As Covid-19 cases continue on a downward trajectory this fall, the six Martha’s Vineyard boards of health are now poised to revisit the question of mandatory indoor mask mandates on the Island.

The boards of health planned to meet at noon Friday by Zoom; the sole agenda item is the mandatory indoor mask mandate that took effect August 20. Since that date, face coverings have been required in all indoor spaces from government offices to yoga studios to retail stores. At the time, the Island was experiencing a significant spike in Covid cases fueled by the Delta variant.

This fall the case numbers have been up and down, but mostly on the wane. Twelve cases were reported for the week ending Oct. 30, and only a handful have been confirmed since.

“Based on our lower case numbers the boards of health will meet to review and discuss the mask mandate and whether to lift or keep it in place,” Tisbury health agent Maura Valley said in an email to the Gazette Thursday. “It appears that people are split on whether the mandate should be lifted or not,” she also wrote. “We’ve heard from several individuals who feel that the mandates are no longer justifiable with our current numbers, while others feel that our case numbers are low because of the mask mandates.”

Ms. Valley has been the designated public spokesman for the boards of health throughout the pandemic; among other things she compiles the daily and weekly records on case counts along with other information.

Meanwhile, pediatric Covid-19 vac cines will be available for Island children aged 5-11 beginning next week, Martha’s Vineyard Hospital leaders announced in a press briefing Wednesday morning.

Appointment scheduling began on Thursday this week.

The announcement came in the wake of a recommendation issued late Tuesday by the Centers for Disease Control for the Pfizer-BioNtech vaccine for children 5 through 11.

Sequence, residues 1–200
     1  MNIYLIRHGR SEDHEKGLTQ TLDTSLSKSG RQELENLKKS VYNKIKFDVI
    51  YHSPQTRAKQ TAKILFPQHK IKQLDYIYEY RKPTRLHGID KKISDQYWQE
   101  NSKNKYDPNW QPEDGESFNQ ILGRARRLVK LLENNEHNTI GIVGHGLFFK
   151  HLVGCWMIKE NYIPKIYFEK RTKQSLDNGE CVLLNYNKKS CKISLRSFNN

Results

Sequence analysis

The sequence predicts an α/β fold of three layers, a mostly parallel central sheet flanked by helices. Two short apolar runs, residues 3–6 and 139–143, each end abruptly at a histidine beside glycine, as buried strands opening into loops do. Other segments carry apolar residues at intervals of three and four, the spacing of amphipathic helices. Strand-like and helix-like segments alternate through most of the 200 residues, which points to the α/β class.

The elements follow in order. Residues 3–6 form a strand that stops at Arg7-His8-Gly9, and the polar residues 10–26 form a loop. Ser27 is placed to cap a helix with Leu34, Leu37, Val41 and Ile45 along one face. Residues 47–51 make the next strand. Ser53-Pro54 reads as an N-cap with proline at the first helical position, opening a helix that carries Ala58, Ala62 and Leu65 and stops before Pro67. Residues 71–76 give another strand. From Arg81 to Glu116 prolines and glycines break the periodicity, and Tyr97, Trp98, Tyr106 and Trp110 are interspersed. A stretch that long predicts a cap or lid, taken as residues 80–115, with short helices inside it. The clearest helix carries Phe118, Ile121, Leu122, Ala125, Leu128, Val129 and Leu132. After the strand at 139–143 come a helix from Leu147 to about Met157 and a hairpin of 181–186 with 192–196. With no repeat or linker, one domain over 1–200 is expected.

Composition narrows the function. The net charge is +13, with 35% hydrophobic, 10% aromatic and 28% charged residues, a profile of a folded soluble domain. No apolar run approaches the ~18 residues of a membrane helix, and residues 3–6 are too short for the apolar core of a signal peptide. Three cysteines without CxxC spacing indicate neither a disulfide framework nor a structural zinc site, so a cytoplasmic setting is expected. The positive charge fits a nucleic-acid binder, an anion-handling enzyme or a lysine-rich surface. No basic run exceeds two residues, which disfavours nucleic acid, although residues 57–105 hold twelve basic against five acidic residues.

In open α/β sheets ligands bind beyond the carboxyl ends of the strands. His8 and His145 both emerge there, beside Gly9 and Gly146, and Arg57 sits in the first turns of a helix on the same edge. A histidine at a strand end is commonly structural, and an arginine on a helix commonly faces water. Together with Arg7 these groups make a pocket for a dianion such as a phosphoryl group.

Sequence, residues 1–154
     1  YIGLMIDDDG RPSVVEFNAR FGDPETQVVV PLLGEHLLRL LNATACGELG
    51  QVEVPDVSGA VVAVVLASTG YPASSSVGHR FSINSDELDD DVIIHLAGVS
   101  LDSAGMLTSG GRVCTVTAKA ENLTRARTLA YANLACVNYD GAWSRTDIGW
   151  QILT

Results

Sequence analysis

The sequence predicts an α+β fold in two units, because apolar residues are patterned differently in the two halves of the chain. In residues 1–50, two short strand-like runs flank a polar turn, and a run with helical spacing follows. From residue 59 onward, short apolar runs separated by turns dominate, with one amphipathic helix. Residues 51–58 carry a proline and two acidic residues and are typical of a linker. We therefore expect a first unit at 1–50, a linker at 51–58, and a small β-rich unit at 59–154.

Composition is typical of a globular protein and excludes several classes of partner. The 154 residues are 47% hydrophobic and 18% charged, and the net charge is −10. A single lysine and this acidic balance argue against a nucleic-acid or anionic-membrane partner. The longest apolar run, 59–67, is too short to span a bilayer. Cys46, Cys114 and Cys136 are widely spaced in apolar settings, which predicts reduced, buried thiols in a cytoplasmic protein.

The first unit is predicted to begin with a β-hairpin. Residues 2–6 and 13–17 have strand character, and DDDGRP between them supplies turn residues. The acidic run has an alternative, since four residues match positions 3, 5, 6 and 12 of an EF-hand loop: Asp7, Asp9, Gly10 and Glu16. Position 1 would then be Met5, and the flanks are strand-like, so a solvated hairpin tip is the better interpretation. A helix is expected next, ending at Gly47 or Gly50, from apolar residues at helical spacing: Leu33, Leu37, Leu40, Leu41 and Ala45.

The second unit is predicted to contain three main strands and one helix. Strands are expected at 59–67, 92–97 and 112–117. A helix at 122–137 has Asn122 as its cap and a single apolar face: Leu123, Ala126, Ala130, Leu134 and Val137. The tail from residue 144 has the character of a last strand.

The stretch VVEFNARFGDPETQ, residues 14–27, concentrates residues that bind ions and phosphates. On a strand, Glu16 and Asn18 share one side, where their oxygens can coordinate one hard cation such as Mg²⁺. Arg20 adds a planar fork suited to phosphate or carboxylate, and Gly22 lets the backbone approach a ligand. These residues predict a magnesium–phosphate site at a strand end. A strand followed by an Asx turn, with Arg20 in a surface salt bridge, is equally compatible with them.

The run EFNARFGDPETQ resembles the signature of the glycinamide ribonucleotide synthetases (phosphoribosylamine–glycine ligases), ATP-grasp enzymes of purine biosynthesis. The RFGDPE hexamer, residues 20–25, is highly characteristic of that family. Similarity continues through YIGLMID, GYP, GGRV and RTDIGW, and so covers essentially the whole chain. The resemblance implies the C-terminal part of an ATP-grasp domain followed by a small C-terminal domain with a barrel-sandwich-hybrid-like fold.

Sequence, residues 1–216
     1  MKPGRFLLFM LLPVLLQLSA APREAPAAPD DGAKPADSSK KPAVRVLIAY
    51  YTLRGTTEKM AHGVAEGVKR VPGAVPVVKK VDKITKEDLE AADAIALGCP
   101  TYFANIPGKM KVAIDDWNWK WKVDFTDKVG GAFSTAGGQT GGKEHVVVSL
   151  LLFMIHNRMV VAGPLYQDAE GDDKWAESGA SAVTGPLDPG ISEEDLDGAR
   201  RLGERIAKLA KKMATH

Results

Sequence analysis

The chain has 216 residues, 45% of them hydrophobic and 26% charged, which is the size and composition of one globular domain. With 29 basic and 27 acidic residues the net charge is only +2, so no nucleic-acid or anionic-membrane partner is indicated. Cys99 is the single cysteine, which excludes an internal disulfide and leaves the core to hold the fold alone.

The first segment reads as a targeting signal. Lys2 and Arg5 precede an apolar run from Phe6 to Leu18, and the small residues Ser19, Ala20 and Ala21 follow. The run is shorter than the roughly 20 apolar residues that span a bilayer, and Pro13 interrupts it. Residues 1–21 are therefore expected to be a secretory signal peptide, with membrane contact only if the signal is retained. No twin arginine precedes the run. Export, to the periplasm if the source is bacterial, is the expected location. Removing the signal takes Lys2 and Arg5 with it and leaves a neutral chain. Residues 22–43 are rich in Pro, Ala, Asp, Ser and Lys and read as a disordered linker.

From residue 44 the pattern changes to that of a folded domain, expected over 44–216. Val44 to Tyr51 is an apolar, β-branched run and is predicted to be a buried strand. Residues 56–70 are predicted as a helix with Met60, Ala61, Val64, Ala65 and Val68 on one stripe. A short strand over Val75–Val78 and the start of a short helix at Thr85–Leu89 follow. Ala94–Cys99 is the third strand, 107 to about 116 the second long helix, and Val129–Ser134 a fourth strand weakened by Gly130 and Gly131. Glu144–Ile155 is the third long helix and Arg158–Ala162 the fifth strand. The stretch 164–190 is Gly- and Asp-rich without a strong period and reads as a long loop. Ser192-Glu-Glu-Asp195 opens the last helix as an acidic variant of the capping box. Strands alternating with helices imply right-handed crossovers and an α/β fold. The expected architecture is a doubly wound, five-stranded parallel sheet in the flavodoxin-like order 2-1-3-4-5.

The Food and Drug Administration had previously authorized emergency use of the pediatric dose earlier last Friday.

The first pediatric vaccines will be administered on Martha’s Vineyard on Thursday, Nov. 11 and Saturday Nov. 13 at the hospital drive-through tent. Appointments can be booked using the online tool on the hospital website, which went live at 5 p.m. Thursday.

Hospital chief executive officer Denise Schepici and chief nurse and chief operating officer Clare Seguin said they were optimistic about the prospect of vaccinating even more of the eligible Island population as the Vineyard heads into the winter months, and Covid cases continue to decline.

Ms. Schepici and Ms. Seguin said the hospital is following all recommended guidelines by the CDC for the newly-available pediatric vaccines, which are a one third dose of the adult Pfizer dose.

About 1,200 Vineyard children are eligible to receive the vaccine, Ms. Seguin said. And she encouraged parents to vaccinate their children.

“Definitely I am encouraging five to 11-year-olds to get vaccinated,” the chief

nursing officer said. “Children are getting Covid and they’re getting sick.” Appointments remain available for booster shots too, and Ms. Schepici said many eligible Islanders are lining up for their third shots. The hospital is offering boosters shots for Pfizer, Moderna and the Johnson Johnson vaccine for people who are eligible. (Pfizer and Moderna: must be over 65 or meet other criteria and have had a shot at least six months earlier. JJ: must be 18 or older and have had a shot within two months. Detailed criteria is spelled out on the hospital website.)

“We are filling every [booster shot] appointment we release,” Ms. Schepici said. “I think we are going at a pace.” She encouraged eligible people seeking booster shots to check the hospital website frequently, as spaces open up.

Ms. Seguin also reported the Island passed a 30,000-shot milestone this week for vaccines administered.

She reported a total of 14,563 people had received a first shot, while 14,744 people had received a second shot, and 1,263 had received a booster shot.

In other brief news, Ms. Schepici said business continues to be brisk at the Island’s only hospital after a busy summer. “Things are very busy. People are still catching up on a lot of deferred care, we are doing surgeries and filling up appointments rapidly,” she said.